MINNEAPOLIS (AP) — Closing arguments are set for Monday in the murder trial of a former Minnesota police officer who says he used his Taser instead of his gun when he shot and killed Deontay Wright. wanted to use it because she tried to move away from the traffic stop.
Kim Potter’s case will go to a mostly white jury after Judge Regina Chu gives her final instructions. The judge has already told the jurors that she will not intentionally invite them on Christmas Eve or Christmas Day. If they do not reach a decision by then, they will return after leave.
The defense rested on Friday after Potter told jurors that she “didn’t want to hurt anyone,” saying during her sometimes tearful testimony that she shot her Taser at Wright after seeing fear on a fellow officer’s face. Screamed warnings about using.
Potter, 49, testified that he was “sorry that this happened.” She said she doesn’t remember what she said or what happened after the shoot, saying that a lot of her memories of those moments are “missing.”
Potter has been charged with first-degree and second-degree murder in the April 11 death of Wright, a 20-year-old black motorist, in the Minneapolis suburb of Brooklyn Center for expiring license tags and hanging from an air freshener. was pulled. His rearview mirror.
Potter, who was training another officer at the time, said she probably wouldn’t have pulled Wright’s car if she had been alone that day. After that initial encounter, the traffic stop “just became chaotic,” she testified.
“I remember shouting, ‘Taser, Taser, Taser’, and nothing happened, and then he told me I shot him,” said the potter, who is white, through tears. Her body camera recorded Wright saying, “Ah, he shot me,” after the shoot.
Potter’s lawyers argued that she made a mistake, but would also be justified in using deadly force if she wanted to do so because Sgt. Mychal Johnson was in danger of being pulled over by Wright’s car.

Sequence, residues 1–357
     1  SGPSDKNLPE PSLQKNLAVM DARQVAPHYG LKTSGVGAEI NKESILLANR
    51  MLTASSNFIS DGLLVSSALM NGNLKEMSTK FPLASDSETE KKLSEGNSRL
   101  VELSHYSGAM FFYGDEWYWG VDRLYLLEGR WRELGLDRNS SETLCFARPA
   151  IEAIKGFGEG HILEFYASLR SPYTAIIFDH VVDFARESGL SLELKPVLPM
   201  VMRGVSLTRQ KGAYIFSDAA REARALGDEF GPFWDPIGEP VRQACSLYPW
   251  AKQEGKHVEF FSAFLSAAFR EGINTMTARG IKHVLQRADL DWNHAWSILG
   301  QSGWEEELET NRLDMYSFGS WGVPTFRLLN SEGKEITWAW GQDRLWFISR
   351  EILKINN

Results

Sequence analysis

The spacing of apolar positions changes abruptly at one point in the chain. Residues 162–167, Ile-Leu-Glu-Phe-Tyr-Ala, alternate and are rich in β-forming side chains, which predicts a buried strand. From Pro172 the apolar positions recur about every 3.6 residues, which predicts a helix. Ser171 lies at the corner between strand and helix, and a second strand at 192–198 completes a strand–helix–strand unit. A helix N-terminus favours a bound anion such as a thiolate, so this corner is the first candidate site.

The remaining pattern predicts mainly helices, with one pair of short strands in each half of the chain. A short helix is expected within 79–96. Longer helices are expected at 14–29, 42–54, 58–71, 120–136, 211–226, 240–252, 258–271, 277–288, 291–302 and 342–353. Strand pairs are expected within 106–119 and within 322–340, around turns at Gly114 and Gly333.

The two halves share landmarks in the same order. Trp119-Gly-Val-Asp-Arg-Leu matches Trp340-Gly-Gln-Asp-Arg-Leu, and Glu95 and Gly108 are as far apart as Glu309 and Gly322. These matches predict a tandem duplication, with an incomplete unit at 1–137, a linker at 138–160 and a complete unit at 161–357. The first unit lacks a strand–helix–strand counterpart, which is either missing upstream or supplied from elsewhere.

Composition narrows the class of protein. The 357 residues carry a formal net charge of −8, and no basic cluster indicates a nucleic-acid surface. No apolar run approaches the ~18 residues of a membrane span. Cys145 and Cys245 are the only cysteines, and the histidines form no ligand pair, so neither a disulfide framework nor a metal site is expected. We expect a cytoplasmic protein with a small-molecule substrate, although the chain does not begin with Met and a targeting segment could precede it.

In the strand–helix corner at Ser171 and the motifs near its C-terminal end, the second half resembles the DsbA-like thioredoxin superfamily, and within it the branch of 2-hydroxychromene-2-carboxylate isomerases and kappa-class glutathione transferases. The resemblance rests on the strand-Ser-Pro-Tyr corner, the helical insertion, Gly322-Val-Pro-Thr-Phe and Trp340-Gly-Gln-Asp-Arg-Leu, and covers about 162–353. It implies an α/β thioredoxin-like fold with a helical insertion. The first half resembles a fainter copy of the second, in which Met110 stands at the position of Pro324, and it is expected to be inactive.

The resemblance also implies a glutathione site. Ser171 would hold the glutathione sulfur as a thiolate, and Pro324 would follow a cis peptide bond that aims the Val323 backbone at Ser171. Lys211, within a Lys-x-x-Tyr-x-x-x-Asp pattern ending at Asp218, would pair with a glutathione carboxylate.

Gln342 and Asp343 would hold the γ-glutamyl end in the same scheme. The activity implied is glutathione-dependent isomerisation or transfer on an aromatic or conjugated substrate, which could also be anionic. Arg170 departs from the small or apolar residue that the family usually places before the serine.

During the cross-examination, prosecutor Erin Aldridge noted that Potter told a defense expert that he did not know why he pulled his Taser. Citing the expert’s report, Aldridge said Potter told her: “I have no answer, my mind said grab the Taser.” Potter testified that he did not remember saying this.
Prosecutors have argued that Potter had extensive training in the use of tasers and the use of lethal force, including warnings of confusing the two weapons. Aldridge asked Potter to agree that his use-force training was a “major component” of being an officer. Potter testified that he was trained in when to use force and how much, and that there was a department policy that dictated what officers could or could not do.
Wright’s death sparked days of angry protests at the Brooklyn Center. It happened while another white officer, Derek Chauvin, was on trial in nearby Minneapolis for the murder of George Floyd.
Before Potter took the stand, a defense witness testified that police officers may accidentally draw their guns in high-stress positions instead of their Tasers as their implicit training wears off.
Lawrence Miller, a psychologist who teaches at Florida Atlantic University, noted that the more someone repeats the same task, the less they have to think about it and that there may be situations during a stressful situation in which one’s normal response is “hijacked”. can.
Some experts are skeptical of the theory. Geoffrey Alpert, a professor of criminology at the University of South Carolina who is not involved in Potter’s trial, has said there is no science behind it.
State sentencing guidelines call for just seven years in prison for first-degree murder and four years for second-degree murder, though prosecutors have said they plan to push for a longer sentence. are.
Associated Press writers Tammy Weber in Fenton, Michigan, and Steve Karnovsky in Minneapolis contributed to this report.